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An Incredible Must Read!!: “The Law Liberals Always Break”. Liberalism is a circular firing squad.


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February 14, 2009
The Law Liberals Always Break
By C. Edmund Wright

There’s a law that liberals always shatter. (And no, I’m not talking about tax law.) It’s the law of unintended consequences. Actually it’s not so much liberals per se that break it so much as it seems liberal thinking by definition always runs afoul of this law. Leftist policy always hangs itself if given enough rope.

The liberals now have the entire stage with a very liberal President, extreme leftists in control of Congress, and the main stream media. Liberal failure has nowhere to hide and no one to hide behind. So as the Obama administration attempts to attack the country’s economic woes, they find themselves stepping in one pile of liberal policy do-do after another. You might say that the left hand doesn’t know what the left hand is doing. The world will have to watch as liberal policy for problem A destroys Obama goals for problem B and so on.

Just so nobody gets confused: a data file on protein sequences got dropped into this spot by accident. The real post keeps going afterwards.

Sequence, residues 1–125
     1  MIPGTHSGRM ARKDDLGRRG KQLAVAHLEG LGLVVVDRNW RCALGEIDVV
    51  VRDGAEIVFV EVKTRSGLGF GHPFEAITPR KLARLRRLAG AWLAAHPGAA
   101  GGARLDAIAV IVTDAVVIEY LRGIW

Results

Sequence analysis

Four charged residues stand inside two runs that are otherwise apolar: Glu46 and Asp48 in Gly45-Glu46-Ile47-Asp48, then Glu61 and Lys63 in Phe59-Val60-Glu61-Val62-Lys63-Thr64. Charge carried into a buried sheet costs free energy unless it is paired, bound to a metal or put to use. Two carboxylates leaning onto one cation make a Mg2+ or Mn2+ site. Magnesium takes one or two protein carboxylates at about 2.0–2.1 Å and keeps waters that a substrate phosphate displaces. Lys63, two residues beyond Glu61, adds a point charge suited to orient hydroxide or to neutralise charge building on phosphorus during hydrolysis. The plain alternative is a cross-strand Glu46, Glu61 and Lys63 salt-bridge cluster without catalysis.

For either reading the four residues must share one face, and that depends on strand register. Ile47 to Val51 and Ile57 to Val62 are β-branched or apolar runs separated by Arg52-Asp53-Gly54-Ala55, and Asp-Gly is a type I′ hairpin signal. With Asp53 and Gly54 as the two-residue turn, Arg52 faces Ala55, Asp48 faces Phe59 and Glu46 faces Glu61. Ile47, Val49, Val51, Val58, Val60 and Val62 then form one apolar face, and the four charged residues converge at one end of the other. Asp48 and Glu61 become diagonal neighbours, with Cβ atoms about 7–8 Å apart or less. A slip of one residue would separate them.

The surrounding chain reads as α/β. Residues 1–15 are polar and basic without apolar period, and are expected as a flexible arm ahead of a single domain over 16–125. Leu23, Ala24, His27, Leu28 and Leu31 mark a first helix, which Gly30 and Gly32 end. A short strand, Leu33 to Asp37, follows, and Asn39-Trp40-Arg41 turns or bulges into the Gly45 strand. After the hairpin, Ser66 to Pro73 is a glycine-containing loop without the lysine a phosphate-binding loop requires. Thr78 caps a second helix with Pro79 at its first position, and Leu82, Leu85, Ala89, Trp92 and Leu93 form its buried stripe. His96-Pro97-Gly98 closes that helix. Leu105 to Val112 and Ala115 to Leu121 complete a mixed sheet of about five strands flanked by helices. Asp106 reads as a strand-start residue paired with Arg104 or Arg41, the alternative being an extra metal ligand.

Consider: with Obama, Reid and Pelosi screaming for the country to accept a ridiculous stimulus package to create jobs, jobs, jobs — liberals in Chicago are standing in the way of a Wal-Mart Super Center that would bring in construction and retail jobs to the messiah’s hometown. By the way, liberals will also keep the lowest cost provider of food and clothes and home goods from being accessed by hurting Chicagoans.

The reason? The liberal principle of protecting union jobs at all costs. Remember, behind every economic disaster is a powerful union. And sometimes a community organizer.